Nothing can be easier than cultivating this handsome tree as it can simply be grown from seeds. Soak the seeds in warm water overnight to allow water to penetrate the leathery testa (seed coat) and the next morning sow in seedling trays containing a 5:1 mixture of river sand and compost. Make sure that you harvest healthy seeds and at the very least, 60% of your seeds will germinate. One should take care when transplanting the young seedlings because they immediately form taproots and damage to it could result in slower-growing trees. The seedlings can either be transplanted into black nursery bags when they have two leaves, or directly into the ground. It will grow optimally in humus-rich, sandy soil and requires watering every second or third day depending on weather conditions. Naturally the tree occurs in frost-free areas, therefore tree lovers of the Highveld and other cold parts of the country should rather opt for some of the better adapted Acacia species from their region.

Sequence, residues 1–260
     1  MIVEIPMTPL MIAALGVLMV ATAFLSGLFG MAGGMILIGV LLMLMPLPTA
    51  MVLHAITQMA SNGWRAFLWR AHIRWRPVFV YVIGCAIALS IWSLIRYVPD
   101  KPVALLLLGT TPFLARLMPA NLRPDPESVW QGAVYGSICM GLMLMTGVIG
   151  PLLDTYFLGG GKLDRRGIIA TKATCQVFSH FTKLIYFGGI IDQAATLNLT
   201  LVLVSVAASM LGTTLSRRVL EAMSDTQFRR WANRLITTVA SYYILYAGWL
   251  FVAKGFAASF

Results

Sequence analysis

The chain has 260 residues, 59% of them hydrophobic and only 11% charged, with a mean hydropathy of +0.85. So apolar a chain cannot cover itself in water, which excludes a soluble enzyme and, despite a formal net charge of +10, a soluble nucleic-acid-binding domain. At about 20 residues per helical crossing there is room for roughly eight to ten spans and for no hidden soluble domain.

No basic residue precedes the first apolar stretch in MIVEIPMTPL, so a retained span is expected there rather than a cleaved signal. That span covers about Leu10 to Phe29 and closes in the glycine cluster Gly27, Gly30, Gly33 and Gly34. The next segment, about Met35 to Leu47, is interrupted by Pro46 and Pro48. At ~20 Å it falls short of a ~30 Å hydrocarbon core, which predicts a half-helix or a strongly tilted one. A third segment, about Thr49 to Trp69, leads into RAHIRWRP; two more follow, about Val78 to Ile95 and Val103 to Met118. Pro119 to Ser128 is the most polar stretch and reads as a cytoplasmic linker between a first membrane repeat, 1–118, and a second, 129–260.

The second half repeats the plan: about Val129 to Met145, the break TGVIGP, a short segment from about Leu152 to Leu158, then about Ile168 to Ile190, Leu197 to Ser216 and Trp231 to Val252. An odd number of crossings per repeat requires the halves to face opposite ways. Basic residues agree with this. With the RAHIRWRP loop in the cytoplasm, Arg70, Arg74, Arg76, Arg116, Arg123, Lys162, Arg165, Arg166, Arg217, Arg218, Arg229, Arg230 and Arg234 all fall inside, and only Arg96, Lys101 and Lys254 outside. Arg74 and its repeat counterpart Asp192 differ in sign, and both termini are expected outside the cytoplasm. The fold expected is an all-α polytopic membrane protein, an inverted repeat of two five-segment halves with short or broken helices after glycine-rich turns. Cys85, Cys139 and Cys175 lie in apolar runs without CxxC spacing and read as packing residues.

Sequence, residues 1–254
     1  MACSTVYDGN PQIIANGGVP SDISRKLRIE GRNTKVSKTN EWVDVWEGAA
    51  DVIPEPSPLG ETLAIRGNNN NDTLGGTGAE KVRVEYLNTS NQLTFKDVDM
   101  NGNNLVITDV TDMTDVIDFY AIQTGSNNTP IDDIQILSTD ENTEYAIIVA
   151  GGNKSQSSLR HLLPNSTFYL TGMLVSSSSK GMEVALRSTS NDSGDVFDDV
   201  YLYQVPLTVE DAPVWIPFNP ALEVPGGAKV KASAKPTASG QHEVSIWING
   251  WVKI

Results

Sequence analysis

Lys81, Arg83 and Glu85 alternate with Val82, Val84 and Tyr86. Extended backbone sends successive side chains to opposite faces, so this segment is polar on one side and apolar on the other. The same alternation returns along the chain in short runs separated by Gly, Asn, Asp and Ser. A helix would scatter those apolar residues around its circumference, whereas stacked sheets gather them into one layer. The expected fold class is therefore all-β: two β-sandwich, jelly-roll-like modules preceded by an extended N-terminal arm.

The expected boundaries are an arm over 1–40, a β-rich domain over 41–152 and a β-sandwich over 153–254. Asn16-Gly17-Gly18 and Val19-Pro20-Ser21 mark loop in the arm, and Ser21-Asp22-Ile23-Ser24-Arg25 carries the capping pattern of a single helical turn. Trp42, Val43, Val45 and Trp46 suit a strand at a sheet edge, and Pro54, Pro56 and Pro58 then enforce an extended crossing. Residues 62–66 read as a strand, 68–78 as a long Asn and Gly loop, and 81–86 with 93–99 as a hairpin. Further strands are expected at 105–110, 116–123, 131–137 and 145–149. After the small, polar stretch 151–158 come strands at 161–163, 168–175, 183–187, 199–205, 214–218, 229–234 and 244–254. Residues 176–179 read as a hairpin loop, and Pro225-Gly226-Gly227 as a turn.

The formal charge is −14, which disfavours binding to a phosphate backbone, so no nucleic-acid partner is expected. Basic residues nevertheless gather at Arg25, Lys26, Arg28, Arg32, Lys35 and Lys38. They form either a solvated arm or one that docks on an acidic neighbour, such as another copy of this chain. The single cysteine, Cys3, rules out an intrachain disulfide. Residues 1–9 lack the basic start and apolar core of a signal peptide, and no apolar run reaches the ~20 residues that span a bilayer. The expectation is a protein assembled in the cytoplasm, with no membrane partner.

References and further reading

  • Germishuizen, G., Meyer, N.L., Steenkamp, Y. & Keith, M. (eds) 2006. A Checklist of South African plants. Southern African Botanical Diversity Network Report No. 41. SABONET, Pretoria.
  • Glen, H.F. 2004. SAPPI What's in a name? The meaning of the botanical names of trees. Jacana, Johannesburg.
  • Lewis, G., Schrire, B., Mackinder, B. & Lock, M. (eds). 2005. Legumes of the world. Royal Botanic Gardens, Kew.
  • Ross, J.H. 1975. Flora of southern Africa 16, 1: 138-150. Botanical Research Institute, Pretoria.
  • Smith, C.A. 1966. Common names of South African plants. Memoirs of the Botanical Survey of South Africa No. 35.
  • Van Wyk, B-E. & Gericke, N. 2000. People's plants: a guide to useful plants of southern Africa. Briza Publications, Pretoria.
  • Venter F. & Venter, J-A. 2002. Making the most of indigenous trees. Briza Publications, Pretoria.
  • Watt, J.M. & Breyer-Brandwijk, M.G. 1962. The medicinal and poisonous plants of southern and eastern Africa, edn 2. Livingstone, London.


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National Herbarium, Pretoria